If you want to make a claim against another person or entity, you must get it properly started within applicable deadlines or it will be forever barred.
The deadlines are often referred to as statutes of limitations. Other times, the deadline may be a statute of repose. In other instances, particularly if your claim is against a government agency, the deadline will be a written notice that has to be given with a certain period of time – often a much shorter period of time than applies to non-government individuals or entities.
The deadlines vary significantly depending upon the claim. In South Dakota, for example, the statute of limitations for making a personal injury claim arising out of a car accident is three years. For breach of contract claims, the statute of limitations is six years.
There may be exceptions to the deadlines – the statute of limitations – that apply such as when an individual who wants to bring a claim is a minor or is disabled. Statutes of limitations vary from state to state; they are usually determined by the state legislature. Different levels of government – federal, state, and local – often have their own unique deadlines.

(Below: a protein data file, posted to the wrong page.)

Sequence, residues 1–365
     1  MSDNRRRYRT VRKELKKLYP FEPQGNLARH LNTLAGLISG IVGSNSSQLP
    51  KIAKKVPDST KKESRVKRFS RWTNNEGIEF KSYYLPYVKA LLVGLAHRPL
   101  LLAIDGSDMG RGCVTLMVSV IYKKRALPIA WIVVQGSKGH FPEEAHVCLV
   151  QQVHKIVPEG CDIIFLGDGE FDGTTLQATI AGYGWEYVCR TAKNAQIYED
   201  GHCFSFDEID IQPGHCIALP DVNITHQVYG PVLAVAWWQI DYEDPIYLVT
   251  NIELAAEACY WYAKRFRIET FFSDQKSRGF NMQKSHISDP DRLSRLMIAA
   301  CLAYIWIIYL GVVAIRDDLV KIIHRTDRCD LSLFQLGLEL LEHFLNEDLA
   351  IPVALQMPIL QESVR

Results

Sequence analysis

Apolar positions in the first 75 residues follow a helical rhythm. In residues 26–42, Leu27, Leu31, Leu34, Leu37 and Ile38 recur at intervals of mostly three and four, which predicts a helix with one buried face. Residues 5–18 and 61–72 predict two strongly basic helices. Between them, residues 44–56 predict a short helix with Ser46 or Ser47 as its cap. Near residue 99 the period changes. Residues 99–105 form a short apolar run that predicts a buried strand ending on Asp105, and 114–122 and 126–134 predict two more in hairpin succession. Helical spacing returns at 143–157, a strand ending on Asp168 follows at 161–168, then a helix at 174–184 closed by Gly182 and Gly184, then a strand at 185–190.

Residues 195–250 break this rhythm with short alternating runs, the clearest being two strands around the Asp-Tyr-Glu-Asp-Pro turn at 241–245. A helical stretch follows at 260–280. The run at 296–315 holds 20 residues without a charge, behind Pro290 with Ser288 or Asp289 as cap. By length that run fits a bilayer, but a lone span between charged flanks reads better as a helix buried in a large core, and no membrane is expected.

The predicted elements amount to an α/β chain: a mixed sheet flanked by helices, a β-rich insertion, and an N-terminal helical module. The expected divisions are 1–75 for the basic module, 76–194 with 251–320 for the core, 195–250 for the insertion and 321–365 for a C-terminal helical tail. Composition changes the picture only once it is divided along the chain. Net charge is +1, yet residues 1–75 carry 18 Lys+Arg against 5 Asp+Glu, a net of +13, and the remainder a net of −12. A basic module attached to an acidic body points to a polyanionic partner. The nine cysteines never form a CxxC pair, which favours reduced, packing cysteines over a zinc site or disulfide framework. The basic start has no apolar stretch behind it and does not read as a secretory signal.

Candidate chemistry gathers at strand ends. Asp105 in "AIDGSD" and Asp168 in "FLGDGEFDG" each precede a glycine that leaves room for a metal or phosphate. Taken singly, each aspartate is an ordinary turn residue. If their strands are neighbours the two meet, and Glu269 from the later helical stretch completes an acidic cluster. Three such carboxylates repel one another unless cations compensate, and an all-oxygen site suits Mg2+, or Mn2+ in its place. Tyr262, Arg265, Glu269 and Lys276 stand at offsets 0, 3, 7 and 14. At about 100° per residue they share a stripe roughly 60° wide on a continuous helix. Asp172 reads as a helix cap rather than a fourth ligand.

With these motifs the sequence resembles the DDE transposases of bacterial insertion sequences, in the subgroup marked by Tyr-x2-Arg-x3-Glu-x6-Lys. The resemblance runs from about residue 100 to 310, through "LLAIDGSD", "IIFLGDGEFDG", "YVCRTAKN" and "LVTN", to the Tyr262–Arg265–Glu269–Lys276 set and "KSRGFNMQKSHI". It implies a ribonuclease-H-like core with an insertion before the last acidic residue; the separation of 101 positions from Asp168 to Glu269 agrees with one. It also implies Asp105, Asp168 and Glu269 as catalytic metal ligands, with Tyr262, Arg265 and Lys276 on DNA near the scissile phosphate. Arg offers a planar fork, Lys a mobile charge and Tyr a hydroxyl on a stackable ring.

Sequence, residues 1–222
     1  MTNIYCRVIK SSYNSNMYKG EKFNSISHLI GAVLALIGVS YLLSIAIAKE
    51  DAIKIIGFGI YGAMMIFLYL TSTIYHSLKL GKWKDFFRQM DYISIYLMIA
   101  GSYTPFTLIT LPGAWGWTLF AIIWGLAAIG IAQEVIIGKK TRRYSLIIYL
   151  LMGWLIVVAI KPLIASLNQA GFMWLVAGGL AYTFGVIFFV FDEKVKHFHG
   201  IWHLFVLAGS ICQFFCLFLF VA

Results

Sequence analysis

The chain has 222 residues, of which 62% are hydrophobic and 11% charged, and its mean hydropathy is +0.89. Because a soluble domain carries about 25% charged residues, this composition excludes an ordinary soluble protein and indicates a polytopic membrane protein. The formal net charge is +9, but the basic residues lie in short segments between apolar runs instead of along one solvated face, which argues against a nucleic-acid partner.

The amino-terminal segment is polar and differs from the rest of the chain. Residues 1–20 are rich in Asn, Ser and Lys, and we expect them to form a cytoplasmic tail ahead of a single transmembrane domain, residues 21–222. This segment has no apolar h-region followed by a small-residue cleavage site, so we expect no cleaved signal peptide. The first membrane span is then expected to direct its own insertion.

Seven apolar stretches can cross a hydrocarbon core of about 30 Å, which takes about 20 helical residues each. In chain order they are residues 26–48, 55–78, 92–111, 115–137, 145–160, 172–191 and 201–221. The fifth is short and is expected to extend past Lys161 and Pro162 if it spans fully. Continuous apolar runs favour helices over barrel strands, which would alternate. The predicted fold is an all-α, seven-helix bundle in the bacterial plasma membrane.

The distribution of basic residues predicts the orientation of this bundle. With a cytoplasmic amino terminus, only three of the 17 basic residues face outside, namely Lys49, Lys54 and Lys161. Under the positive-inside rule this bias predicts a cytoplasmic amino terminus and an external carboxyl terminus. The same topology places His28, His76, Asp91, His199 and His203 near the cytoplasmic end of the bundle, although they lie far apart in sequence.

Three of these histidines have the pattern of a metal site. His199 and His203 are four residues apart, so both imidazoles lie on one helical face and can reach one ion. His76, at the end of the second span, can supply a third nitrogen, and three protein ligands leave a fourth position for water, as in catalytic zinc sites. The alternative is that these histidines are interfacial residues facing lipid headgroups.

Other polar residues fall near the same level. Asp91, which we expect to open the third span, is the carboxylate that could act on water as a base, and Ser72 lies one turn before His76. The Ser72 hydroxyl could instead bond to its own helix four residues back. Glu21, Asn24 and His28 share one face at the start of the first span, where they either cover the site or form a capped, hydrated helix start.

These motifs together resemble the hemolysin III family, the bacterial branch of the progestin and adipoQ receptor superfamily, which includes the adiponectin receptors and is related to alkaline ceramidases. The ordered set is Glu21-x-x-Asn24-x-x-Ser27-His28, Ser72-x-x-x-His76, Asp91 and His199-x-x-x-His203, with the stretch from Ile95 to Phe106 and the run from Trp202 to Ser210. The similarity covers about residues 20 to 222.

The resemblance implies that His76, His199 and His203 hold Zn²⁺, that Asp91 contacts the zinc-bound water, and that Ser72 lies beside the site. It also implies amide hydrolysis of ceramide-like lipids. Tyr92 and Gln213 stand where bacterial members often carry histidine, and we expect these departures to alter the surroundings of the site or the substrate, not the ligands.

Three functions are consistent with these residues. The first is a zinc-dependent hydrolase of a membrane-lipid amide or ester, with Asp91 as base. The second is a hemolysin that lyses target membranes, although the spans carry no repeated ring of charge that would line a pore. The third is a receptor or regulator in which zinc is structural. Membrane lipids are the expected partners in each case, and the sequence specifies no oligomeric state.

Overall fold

It’s inappropriate in this setting to give definitive advice on what statute of limitations or other deadline applies to a particular case. Making that determination is important and depends upon the circumstance of each case.
For our purposes here, the point is there are deadlines that have to be met and you should find out very early on what they are. If you miss the deadline, your claim will fail regardless of its merit.